Belly-down on the hard sandstone of the canyon rim, you wait. The wind whips through your hair and across your cheek on its way to Canada. At least the wind is consistent. The second buck is somewhere below, just his hindquarters showing through the brush. Your father stares through the spotting scope and still, you wait. This buck in your sights is unusual, even when we first spotted him over a thousand yards away and several days earlier we’d seen that. “I can see that strange one right now,” you say.
“I think you should shoot that buck,” Papa says.
Put yourself in my shoes. Can you make the shot?
HERE’S WHAT HAPPENED (TRUE STORY)
“Just hold into the wind, on the front of his shoulder,” my father said, “and squeeze the trigger.”
The deer was broadside, facing right (into the wind). I settled my crosshairs on the front of his shoulder and pressed the trigger. My rifle recoiled and the bullet arced across the canyon and hit the deer with a loud WHOP. The buck dropped in his tracks and tumbled out of sight behind some oak brush. Rapidly chambering another round I tried in vain to find the buck through my scope. “I can’t see him”.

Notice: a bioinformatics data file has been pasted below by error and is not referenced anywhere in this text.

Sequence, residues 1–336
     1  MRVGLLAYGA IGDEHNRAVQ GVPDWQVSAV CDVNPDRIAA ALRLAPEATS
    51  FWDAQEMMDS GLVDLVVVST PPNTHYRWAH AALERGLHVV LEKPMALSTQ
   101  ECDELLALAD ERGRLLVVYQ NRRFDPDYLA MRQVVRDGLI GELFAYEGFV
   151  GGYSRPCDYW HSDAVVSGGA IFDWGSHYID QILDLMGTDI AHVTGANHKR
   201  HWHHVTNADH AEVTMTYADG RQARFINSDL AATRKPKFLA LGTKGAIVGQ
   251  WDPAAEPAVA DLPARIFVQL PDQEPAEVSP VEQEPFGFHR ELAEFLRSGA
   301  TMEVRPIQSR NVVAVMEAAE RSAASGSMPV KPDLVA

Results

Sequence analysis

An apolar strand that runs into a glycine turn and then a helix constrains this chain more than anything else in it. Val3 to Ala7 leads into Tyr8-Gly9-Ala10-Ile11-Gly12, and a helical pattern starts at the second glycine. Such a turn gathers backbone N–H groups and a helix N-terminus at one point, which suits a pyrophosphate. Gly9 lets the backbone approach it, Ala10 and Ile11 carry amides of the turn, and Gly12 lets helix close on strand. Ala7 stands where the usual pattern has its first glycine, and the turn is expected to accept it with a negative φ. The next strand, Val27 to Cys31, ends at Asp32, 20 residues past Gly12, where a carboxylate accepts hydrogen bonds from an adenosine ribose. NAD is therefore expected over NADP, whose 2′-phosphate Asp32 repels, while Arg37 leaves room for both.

“He dropped in his tracks”, my Dad told me. “Stay ready, but you hit him good; I saw the impact. He’s not getting back up.”
My father congratulated me and Jim came celebrating off the hill to join us. They both seemed as happy as I felt, and we were pretty giddy for a while, talking about the buck, the shot, and the canyon we had to cross to get to him.
My Dad tells me he saw a long non-typical tine on the buck’s antler, coming low off the right side. That’s why he gave me the go-ahead to shoot the buck. As we talk, we all jettison what superfluous gear we can and leave it on the rim of the canyon. We’re facing a brutal pack out and won’t carry anything that’s not essential across the canyon.